Almost every major problem facing society these days—financial reform, unemployment, environmental disasters, the energy crisis, climate change, etc.—seems to be framed as a choice between free markets and “big government.” What it really comes down to is trust: do you trust government bureaucrats more than corporate executives? Frankly, I don’t trust either group without reservation, and it seems to me a good argument can be made that both too much regulation and too little regulation can cause problems. But, the way things have gone in recent years makes it perfectly plain that the burden of proof is on the conservatives.
Liberals who want solid governmental oversight over investment bankers and giant conglomerates are not, for the most part, leftist ideologues; they’re pragmatists acting out of self defense. Face it, no one would have dreamed up the EPA if manufacturers didn’t insist on polluting our air and water. We wouldn’t need the FDA if food and drug producers didn’t put contaminated products on the market. We wouldn’t bother with an SEC if brokerage firms didn’t try to pull the wool over the eyes of investors.
Meanwhile, libertarians and other free marketeers try to convince us that we’d all be better off if the government would only get out of the way so the good people running corporations can do their thing. I suggest they save their breath. Instead of trying to win an ideological argument, they should focus on their own allies and make corporate leaders prove that they’re worthy of our trust. Let them demonstrate that they’re capable of consistently acting with honesty, integrity, and a sense of public virtue. After all, virtue is supposed to be a conservative value, and so is accountability. And right now the evidence is against the free market argument. Given the events of the past two years—not to mention most of modern history—we’d be idiots to trust any CEO who runs something bigger than a clothing shop.
Here’s my modest proposal: corporate big shots should create a self-policing body with real teeth. Many professions have organizations that hold their members accountable. Doctors have the AMA; lawyers have the Bar Association; and psychologists, social workers, and others have their equivalents. Of course, these associations do not eliminate the need for laws and public oversight, but they keep the need for regulation to a minimum by exacting a heavy price on members who violate their ethical and behavioral standards. Their penalties are effective deterrents; revoking someone’s membership can seriously damage his or her career.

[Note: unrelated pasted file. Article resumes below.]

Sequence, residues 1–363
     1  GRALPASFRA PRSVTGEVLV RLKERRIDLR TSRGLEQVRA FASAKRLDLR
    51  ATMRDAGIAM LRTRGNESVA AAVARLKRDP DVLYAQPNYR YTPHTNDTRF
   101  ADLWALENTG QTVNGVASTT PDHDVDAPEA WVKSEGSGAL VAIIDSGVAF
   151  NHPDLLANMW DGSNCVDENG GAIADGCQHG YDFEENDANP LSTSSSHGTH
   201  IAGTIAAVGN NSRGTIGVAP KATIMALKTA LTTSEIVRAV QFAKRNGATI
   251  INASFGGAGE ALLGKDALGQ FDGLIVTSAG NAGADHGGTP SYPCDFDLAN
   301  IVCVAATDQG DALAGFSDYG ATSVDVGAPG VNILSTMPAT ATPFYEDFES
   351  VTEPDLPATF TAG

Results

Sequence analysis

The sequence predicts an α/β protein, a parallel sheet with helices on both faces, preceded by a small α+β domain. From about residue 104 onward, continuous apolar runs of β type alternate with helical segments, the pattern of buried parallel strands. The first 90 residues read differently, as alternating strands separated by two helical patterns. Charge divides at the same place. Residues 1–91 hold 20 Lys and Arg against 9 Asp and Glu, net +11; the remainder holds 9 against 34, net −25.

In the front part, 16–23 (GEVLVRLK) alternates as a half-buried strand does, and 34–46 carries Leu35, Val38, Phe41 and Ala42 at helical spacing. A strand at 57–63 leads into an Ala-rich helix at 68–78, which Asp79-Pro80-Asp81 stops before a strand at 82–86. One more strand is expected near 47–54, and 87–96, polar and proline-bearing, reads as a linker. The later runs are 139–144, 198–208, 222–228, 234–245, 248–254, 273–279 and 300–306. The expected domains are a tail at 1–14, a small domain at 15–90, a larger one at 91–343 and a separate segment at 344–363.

I would urge responsible corporate executives to create a legitimate professional organization across their many industries. Offer membership to anyone at the level of, say, vice president and higher, and sign up some big-name CEOs right off the bat, so the association starts out with credibility. Set the bar high with a rigorous behavioral code, not just regarding obvious ethical violations, but also issues like how employees should be treated, remuneration policies, non-deceptive advertising and marketing, the impact of corporate decisions on communities and the environment, and so forth. Maybe even steal an idea from physicians, and start the code with “First do no harm.” Then show us you’re capable of enforcing the standards, so violators feel the pain, with financial loss, shame-inducing exposure and career-threatening ostracism. In short, make it really a bad idea to act against the common good.
In other words, corporate leaders have to do what parents expect their misbehaving teenagers to do: prove they can be trusted. If, in due time—say a decade or two—the public is satisfied that corporate executives can be counted on to act more like virtuous citizens than greedy, selfish scoundrels, liberals will have no excuse to spend our tax dollars on excessive regulation. Until then, we have no choice but to ask our government to protect us.
I’m not holding my breath, but just in case some corporate honchos are paying attention, here’s my final suggestion. Name the organization the Association of Business Executives—ABE, in honor of the president whose name is synonymous with honesty. Live up to that acronym, and even the staunchest lefties might agree to a looser grip on your free market.